Dating from those dark days before EMI set about putting its Hawkwind back catalog into much needed order, Psychedelic Warlords represents one of the sharpest of all Hawkwind compilations, drawing from both the regular albums and various non-LP singles to offer up a startling overview of the band at its primal (1970-1975) best. Rarities abound -- the tumultuous "Urban Guerilla," a call to violent arms that was banned in Britain when its release coincided with an IRA bombing campaign, is joined by its B-side, "Brainbox Pollution," the live "It's So Easy," the edited "Psychedelic Warlords," and the hit "Silver Machine," almost but not quite spiraling out of the Space Ritual-era "Shouldn't Do That," just as it did on the Road Hawks compilation. It's a gripping juxtaposition and, to an entire generation of Hawkwind listeners, makes more sense than any of the other couplings the track has endured. Elsewhere, there may be a little too much emphasis paid to the band's eponymous debut album, but the tracks are sufficiently well spaced that it doesn't matter -- besides, you're still recovering from ten minutes of "Brainstorm" long after "Hurry on Sundown" has lilted into view. One disc, of course, stands no chance whatsoever of being defined as even a halfway "best of" Hawkwind. But still, there's enough here to keep the most demanding ears open and, though the rarities themselves have since appeared as bonus tracks on sundry U.K. reissues, it's still great to have them all in one place.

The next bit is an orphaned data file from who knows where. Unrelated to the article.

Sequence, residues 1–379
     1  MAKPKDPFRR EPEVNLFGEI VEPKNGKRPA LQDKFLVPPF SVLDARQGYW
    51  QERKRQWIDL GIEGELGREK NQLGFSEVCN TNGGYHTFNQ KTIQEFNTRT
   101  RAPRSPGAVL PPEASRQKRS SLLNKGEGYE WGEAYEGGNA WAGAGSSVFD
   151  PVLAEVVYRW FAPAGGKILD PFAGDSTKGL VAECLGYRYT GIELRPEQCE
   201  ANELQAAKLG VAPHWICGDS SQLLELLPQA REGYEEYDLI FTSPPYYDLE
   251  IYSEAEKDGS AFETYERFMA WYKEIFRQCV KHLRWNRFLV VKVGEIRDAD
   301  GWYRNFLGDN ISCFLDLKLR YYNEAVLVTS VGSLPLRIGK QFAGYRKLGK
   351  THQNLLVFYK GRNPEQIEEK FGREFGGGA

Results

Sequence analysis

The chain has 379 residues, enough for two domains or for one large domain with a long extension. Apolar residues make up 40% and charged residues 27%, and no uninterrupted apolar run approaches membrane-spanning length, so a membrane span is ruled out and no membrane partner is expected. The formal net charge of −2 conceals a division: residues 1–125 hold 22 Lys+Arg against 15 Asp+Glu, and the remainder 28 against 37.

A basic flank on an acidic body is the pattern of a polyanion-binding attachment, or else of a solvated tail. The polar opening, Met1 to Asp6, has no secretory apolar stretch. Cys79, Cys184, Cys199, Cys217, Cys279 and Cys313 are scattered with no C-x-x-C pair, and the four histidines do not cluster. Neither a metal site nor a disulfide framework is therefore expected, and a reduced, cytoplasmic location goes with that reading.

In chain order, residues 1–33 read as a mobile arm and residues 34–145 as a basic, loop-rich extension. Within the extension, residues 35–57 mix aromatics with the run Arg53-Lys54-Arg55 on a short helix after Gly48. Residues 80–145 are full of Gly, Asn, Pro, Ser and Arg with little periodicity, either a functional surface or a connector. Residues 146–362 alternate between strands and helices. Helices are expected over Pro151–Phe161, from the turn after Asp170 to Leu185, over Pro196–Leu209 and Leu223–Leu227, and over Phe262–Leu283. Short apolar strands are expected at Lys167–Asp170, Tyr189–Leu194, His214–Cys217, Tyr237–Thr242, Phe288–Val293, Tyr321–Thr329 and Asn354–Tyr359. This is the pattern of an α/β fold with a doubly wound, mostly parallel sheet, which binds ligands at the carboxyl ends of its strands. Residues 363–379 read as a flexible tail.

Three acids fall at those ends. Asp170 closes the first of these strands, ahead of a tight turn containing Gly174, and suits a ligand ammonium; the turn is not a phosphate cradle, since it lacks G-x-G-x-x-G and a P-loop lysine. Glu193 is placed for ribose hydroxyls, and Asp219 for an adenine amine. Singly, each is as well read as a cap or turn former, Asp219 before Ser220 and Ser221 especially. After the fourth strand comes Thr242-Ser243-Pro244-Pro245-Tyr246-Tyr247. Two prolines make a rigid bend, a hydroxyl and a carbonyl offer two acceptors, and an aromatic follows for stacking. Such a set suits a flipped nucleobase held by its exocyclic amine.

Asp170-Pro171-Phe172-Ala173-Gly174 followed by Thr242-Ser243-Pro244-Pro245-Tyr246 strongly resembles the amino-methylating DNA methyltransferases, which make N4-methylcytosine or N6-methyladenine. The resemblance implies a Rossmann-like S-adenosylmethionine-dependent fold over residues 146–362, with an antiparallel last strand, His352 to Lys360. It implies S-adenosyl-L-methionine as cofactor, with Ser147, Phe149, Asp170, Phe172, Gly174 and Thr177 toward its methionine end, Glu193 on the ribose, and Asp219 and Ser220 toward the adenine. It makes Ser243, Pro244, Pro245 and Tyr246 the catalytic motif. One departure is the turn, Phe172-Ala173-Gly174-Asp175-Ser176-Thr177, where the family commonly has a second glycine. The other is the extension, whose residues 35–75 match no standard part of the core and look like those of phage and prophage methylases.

Share this page
AllMusic Review by Dave Thompson